Colorado recreational cannabis sales: Golden takes first rip
GOLDEN — Seventeen months after voters in this city said yes to recreational cannabis sales — and nearly a decade after the first retail joint and edible were sold in Colorado — this tourist-friendly city on the western fringe of the metro area is finally joining the pot party.
Verts Neighborhood Dispensary, formerly Golden Alternative Medicine and the city’s only medical marijuana shop, made its first recreational cannabis sale during a soft opening of the re-branded store this week.
Verts formally opens its doors at 511 Orchard St. on April 5 with a ribbon-cutting at — wait for it — 4:20 p.m.
For co-owner Ashley Close, the transition to recreational sales was nothing less than a matter of survival, as the medical side of the business in Colorado has slowed in recent years.
“Medical in general is going consistently down,” said Close, as an employee polished the windows of display cases inside the store Wednesday. “If we couldn’t get the city of Golden to allow this, we would have to close down.”
Verts will get a three to four-month head start on the competition — three other stores that got licenses to sell recreational weed in Golden aren’t expected to open for business until the summer. Only four dispensaries are permitted in the city.
What brought Golden to this moment was largely the result of what was going on around it.
For the first half-decade after legal sales began in Colorado in 2014, Jefferson County remained mostly a dry county for marijuana. Wheat Ridge, Edgewater and Mountain View had embraced the industry, but the big cities like Littleton, Lakewood, Arvada and Westminster had not.
That changed in 2020 when voters in both Littleton and Lakewood approved recreational sales.
Dan Rowland, another Verts co-owner and former director of public affairs for Denver’s Department of Excise & Licenses and the city’s Office of Marijuana Policy, said he and others in the industry started putting together a campaign for a citizen initiative to legalize sales in Golden.
That move brought city leaders to the table.
“We forced their hand,” Rowland said.
Steve Glueck, assistant to the city manager in Golden, said the city didn’t want to lose control of the process.
“We wanted to drive the bus — the city wanted to be in charge of what was going to happen,” Glueck said.
In April 2021, the city council referred two measures to the November ballot — one to permit sales and the other to impose a 6% city excise tax on marijuana transactions. Both passed, though the measure allowing sales squeaked through by only 54 votes out of nearly 6,600 cast.
“I remember waking up every 30 minutes that night as the totals were being updated and updated and updated,” Close said of that election night nearly 17 months ago.
But if anyone expects to see cannabis dispensaries popping up under the iconic “Howdy folks! Welcome to Golden” arch on Washington Street, think again. As part of the guardrails the city put in place, downtown Golden was made off-limits to pot shops as was the entire stretch of South Golden Road.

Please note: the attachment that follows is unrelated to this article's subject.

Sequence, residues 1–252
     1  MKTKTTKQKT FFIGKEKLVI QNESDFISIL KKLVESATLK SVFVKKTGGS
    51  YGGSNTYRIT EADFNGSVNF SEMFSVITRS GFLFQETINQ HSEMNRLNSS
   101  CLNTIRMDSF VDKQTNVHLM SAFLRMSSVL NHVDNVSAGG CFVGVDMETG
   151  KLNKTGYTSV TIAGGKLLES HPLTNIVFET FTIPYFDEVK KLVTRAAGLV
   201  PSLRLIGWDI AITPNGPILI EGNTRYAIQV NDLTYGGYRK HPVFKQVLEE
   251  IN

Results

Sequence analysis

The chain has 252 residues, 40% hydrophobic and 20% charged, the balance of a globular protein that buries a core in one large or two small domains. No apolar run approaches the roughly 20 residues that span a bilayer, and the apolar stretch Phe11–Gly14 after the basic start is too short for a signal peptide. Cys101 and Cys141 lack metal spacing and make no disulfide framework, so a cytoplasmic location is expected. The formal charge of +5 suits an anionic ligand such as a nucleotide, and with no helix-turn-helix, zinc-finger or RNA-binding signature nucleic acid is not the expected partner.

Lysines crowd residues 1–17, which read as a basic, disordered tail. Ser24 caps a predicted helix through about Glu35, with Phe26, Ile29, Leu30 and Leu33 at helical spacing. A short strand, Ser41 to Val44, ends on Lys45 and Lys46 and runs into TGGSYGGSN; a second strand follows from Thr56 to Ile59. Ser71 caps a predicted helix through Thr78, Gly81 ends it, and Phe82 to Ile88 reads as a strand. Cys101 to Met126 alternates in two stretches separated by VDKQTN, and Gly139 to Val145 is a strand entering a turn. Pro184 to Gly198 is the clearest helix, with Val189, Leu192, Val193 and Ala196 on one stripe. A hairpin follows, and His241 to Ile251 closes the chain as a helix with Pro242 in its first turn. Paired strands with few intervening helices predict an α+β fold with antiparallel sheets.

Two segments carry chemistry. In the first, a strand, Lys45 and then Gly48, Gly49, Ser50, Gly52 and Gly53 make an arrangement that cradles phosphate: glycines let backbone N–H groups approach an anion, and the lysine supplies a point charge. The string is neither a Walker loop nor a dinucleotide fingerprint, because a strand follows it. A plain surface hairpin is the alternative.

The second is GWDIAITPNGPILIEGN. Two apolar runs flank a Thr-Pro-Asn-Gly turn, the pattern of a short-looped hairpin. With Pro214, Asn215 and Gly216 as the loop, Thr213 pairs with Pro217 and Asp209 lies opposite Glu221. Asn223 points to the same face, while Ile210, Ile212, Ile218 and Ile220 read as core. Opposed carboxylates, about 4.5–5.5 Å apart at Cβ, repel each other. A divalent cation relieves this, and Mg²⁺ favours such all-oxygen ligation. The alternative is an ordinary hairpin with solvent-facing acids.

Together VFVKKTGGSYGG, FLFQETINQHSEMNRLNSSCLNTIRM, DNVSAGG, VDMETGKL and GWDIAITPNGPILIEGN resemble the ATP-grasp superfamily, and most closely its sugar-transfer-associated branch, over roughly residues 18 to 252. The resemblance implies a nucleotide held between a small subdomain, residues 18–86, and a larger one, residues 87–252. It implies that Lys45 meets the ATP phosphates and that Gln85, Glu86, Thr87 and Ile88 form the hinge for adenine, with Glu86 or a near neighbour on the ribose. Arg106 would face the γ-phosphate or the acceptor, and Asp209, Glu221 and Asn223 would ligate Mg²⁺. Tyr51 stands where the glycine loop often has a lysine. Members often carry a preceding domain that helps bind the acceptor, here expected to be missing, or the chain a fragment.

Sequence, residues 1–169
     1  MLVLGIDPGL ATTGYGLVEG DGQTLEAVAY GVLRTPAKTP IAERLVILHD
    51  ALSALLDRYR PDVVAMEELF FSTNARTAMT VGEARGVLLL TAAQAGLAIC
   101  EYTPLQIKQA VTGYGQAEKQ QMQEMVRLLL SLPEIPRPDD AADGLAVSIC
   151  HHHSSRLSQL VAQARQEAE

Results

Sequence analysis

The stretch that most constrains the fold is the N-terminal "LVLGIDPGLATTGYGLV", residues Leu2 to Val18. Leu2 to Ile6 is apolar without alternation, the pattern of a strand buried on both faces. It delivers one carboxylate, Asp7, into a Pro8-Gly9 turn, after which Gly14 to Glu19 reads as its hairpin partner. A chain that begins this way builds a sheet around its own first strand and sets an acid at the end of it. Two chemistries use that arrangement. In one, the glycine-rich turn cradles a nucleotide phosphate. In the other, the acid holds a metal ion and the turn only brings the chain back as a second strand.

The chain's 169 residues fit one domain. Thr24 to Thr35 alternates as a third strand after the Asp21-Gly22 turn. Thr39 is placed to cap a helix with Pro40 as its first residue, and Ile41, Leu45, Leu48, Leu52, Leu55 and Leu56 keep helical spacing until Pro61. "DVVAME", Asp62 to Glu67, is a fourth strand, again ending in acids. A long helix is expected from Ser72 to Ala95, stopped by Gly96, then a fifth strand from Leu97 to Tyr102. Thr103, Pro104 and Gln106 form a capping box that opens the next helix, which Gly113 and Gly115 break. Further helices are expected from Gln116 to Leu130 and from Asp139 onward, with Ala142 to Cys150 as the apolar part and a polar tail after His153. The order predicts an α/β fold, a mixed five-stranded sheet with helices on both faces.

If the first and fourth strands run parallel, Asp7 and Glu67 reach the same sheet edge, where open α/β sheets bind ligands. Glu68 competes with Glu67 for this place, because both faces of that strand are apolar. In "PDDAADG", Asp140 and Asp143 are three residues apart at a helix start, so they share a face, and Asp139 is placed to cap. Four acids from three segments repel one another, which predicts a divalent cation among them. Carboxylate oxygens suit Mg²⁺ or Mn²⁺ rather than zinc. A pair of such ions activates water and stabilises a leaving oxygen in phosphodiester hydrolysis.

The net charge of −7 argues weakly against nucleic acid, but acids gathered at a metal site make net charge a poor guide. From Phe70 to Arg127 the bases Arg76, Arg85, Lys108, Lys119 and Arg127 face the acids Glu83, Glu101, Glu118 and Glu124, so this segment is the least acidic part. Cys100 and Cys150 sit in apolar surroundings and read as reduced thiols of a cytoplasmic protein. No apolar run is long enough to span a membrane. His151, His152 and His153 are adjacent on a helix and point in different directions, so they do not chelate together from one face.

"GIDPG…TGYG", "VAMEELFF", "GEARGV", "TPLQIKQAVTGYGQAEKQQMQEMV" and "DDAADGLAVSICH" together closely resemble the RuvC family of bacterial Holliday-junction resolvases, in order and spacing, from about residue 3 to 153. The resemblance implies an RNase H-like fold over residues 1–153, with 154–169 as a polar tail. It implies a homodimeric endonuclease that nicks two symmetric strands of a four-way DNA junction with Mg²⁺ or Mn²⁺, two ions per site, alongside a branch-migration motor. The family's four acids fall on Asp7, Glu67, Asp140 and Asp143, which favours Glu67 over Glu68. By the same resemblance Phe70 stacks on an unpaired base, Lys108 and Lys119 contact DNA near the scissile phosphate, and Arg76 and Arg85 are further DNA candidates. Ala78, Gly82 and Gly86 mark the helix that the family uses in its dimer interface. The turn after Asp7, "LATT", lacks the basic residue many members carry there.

“The people of Golden are very protective of downtown,” Glueck said.
The city identified five locations in Golden where a shop could locate, including an area north of downtown near State Highway 93 and in the Colfax Avenue corridor to the south. Verts sits near the junction of heavily used U.S. 6 and Interstate 70.
“It doesn’t need to be in your face — I get it,” said Close about Golden’s decision to exclude downtown. “That’s common and expected.”
Truman Bradley, executive director of the Marijuana Industry Group, said zoning cannabis businesses to more far-flung parts of town is nothing new in Colorado.
“We often see this when communities first legalize,” he said. “There is still work to be done to gain acceptance and continue shedding the decades-long stigma associated with marijuana. It’s my hope that as businesses prove to be good neighbors that some of the restrictions go away. After all, marijuana is clearly safer than alcohol.”
Bradley, a resident of Golden, said he’s glad to see his city finally dip its toe in the water.
“For too long, Golden has been missing out on tax revenue as other residents and I have had to do our cannabis shopping elsewhere,” he said. “Now the tax money will be put to good use for Golden residents whether they voted for it or not.”
According to city estimates, Golden expects to collect $600,000 in marijuana excise tax revenue in 2024, the first year it will have all four shops open and selling. Glueck said the city will decide this summer where to direct those monies.
“The potential range would include substance abuse, mental health programs, housing insecurity and food insecurity — those would be the top four,” he said.
Close said she is wary as she opens her Golden store just as marijuana sales start to slow in Colorado. The state set a record in 2021 with more than $2.22 billion in sales.
“It’s competitive — it’s retail,” she said. “You gotta stay competitive.”
But that hasn’t dissuaded some from wondering when recreational weed can finally be had in Golden. During Tuesday night’s city council meeting, Councilwoman JJ Trout said anticipation is high.
“I have a friend texting for more than a year about when this is going to happen,” she said.
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